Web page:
In this connection it should be noted that the statute of limitations applies when defendants seek to recover treble interest for they would be entitled to recover only the amount of interest paid within one year preceding the action and would be entitled to recover actual usurious interest paid prior to the year preceding the action and within two years of the suit. Taylor v. Budd, 217 Cal. 262, 266, 18 P.2d 333.
The trial court found, inter alia:
‘1. That all of the allegations contained in plaintiffs' complaint are true except this court finds that interest is due at the rate of 8% per annum from January 1, 1956.
‘2. That none of the allegations contained in defendants' answer are true except as they admit or concur with the allegations in plaintiffs' complaint. * * *
‘4. That there is due and owing from the defendants to the plaintiffs the principal sum of $29,000.00 plus interest thereon at the rate of 8% per annum from January 1, 1956.’
No findings were made as to the $16,820 paid by defendants as interest on the note or as to the issue raised by the answers that defendants were entitled to credit on the principal obligation or as to whether defendants were entitled to treble damages for usurious interest paid within one year from the filing of the action. Findings are required on all issues raised by the pleadings and evidence, unless they are waived and if the court renders judgment without making findings on all material issues, the case must be reversed. Andrews v. Cunningham, 105 Cal.App.2d 525, 528, 233 P.2d 563.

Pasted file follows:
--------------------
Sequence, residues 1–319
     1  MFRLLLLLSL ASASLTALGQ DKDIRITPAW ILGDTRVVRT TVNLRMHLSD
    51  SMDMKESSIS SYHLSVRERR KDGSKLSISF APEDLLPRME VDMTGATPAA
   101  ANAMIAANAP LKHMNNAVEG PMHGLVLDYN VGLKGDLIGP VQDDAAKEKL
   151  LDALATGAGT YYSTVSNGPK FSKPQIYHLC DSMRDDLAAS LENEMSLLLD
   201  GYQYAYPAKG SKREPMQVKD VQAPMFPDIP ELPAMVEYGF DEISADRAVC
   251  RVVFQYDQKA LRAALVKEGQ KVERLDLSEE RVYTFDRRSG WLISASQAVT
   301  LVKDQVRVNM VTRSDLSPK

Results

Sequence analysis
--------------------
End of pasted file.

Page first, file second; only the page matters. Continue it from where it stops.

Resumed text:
It is evident that the defendants were entitled to a credit on the principal of the note on which this action was brought and that the court erred in rendering judgment for the full amount of the principal. Plaintiffs, in demanding and securing the letter from defendants, agreed to pay a bonus of 4% on the money loaned in addition to the 8% called for in the note and were attempting thereby to avoid the usury law. Plaintiffs argue that the said letter indicates that the bonus payment of 4% was voluntarily paid and that therefore the total rate of 12% was not usurious. Citing Goldenzwig v. Shaddock, 31 Cal.App.2d 719, 88 P.2d 933. That case is not controlling here as the contract (note and mortgage) and the letter were all signed on the same day and the contract at its inception was usurious.
Defendants attempted appeal from the order denying a new trial is dismissed. Thomas v. Hunt Mfg. Corp., supra, 42 Cal.2d 736, 269 P.2d 12.
The judgment is reversed.
BARNARD, P. J., and GRIFFIN, J., concur.